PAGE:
having a conversation with him about graphic design while sitting on a
cardboard couch that he made for art class.
So I switched majors and loaded up on photography and design classes.
There were many times where I wished I could just study and take a
test, rather than do all the studio classes. I ended up having enough
credits for a photography major and a graphic design major. I didn't
have any other time other than art. I slept for about 4-6 hours
everyday. I think I almost died.
How did you break into the field?
Going to school and doing a few couple of internships. I pretty much
got a design job right out of school. I started working two days
after graduating. I really should have taken a few days to rest and
Please tell us a little about your design work history.
I work at Wieden Kennedy as a Senior Designer. There are a few
co-workers that were my former students. I'm molding them into my
image. I was at Nike for a short stint working in Nike Brand Design
in Beaverton. It was the Sport Culture/Active Life group. Before
that I was an art director for Bonfire Snowboarding for about 4+
years. I was at a small PR firm before working at Bonfire. My first
job out of school was at a small ad agency doing graphic design.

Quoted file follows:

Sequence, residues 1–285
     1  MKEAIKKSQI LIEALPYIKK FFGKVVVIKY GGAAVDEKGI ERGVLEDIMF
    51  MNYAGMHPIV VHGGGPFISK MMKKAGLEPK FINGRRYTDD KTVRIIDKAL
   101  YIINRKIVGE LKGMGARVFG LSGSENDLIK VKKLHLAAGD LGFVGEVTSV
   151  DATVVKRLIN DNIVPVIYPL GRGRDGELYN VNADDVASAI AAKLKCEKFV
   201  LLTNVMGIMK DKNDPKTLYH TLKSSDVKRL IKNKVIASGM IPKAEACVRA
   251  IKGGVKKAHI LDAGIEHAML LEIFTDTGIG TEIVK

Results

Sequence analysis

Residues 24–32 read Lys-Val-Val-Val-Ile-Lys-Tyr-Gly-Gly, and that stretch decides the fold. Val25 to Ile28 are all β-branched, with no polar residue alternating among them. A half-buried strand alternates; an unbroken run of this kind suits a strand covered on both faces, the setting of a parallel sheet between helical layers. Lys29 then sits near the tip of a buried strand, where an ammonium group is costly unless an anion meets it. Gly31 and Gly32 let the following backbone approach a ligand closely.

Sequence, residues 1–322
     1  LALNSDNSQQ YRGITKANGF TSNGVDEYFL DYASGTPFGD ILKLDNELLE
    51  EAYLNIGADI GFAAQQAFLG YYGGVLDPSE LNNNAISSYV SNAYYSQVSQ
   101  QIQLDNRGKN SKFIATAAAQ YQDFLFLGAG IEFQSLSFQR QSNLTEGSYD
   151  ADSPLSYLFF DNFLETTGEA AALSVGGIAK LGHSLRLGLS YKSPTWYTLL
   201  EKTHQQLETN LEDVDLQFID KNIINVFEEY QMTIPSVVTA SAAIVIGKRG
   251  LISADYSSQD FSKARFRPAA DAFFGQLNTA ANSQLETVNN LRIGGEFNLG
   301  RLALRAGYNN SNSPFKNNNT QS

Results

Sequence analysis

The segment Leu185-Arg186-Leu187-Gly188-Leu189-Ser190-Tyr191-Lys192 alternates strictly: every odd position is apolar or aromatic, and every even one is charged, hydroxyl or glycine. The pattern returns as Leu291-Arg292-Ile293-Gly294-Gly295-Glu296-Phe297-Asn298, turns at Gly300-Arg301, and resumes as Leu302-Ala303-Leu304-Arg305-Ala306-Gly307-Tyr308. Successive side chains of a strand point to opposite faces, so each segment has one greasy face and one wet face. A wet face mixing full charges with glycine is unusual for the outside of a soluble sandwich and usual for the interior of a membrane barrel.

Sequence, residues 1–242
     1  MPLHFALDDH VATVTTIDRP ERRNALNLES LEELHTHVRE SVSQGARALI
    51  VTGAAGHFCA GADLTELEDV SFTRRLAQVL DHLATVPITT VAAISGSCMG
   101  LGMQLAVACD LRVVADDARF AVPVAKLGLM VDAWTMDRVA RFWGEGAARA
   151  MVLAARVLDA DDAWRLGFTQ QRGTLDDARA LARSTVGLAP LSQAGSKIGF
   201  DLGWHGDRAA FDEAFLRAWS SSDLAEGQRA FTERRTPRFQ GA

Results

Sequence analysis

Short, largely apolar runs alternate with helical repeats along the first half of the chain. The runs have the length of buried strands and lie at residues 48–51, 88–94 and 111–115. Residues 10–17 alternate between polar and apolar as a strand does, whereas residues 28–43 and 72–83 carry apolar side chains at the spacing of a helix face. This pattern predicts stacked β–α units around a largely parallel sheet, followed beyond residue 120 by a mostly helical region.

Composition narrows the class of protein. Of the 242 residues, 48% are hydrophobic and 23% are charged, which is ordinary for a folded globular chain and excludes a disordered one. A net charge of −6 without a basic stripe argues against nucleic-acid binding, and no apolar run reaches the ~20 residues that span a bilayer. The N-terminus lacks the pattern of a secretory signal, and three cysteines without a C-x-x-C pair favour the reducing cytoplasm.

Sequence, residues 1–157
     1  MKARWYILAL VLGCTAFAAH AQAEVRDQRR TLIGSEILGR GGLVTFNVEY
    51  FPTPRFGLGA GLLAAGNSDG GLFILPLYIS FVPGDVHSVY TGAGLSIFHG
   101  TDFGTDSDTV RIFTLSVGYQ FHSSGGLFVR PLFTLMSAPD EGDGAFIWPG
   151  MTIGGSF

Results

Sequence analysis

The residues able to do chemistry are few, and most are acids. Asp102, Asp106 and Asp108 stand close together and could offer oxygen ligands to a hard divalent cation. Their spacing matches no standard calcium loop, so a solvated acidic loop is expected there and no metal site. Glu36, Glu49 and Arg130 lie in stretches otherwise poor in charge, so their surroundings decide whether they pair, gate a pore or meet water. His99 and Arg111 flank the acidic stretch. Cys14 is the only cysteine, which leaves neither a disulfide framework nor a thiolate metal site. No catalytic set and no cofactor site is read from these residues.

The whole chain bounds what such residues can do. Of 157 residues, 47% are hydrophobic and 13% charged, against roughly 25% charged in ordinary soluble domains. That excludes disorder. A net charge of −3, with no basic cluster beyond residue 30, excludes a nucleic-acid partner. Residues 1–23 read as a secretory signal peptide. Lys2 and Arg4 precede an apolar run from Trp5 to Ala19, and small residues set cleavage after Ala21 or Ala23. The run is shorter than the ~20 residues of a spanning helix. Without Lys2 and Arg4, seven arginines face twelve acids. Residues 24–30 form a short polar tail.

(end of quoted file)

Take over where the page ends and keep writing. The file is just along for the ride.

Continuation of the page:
There were really talented group of people at the time but the place
started to go down the tubes real quick after they laid me off. I'd
like to think I was the glue that held the whole place together, but
they had their own problems before I arrived.
I've also been freelancing on the side and working on some personal
projects. Ultimately, I've gotten my schooling through experience.
What is your teaching philosophy?
My teaching philosophy is to be a guide to the students. Not like a
weird spirit guide or a shaman, but a person who can offer them tools,
honest feedback, examples, and my own experience. I'm not long winded,
so if a student really wants to learn they have to ask questions and
do some extra credit reading. This is a generalization, but when you
are in college you should be able to do simple math, read, write have
the basic facilities to learn. Students need to find their own voice
even in a beginning design class. There isn't a secret recipe to
being a good designer. It's just like being an engineer. Go ask
Milton Glaser. Art is work.
I've learned from my own teachers and tried to adapt their techniques
into my own process. People learn differently through their senses.
Some people learn visually and through lecture. Others learn by